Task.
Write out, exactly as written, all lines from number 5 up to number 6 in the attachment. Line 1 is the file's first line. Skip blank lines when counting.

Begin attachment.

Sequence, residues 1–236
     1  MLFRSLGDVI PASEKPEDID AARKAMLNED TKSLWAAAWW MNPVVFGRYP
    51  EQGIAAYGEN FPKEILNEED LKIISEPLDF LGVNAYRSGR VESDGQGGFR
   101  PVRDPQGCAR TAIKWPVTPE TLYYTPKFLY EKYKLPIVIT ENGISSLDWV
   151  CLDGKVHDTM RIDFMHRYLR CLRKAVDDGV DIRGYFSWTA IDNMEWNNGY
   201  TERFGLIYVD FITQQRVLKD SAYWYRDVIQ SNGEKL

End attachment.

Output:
   151  CLDGKVHDTM RIDFMHRYLR CLRKAVDDGV DIRGYFSWTA IDNMEWNNGY
   201  TERFGLIYVD FITQQRVLKD SAYWYRDVIQ SNGEKL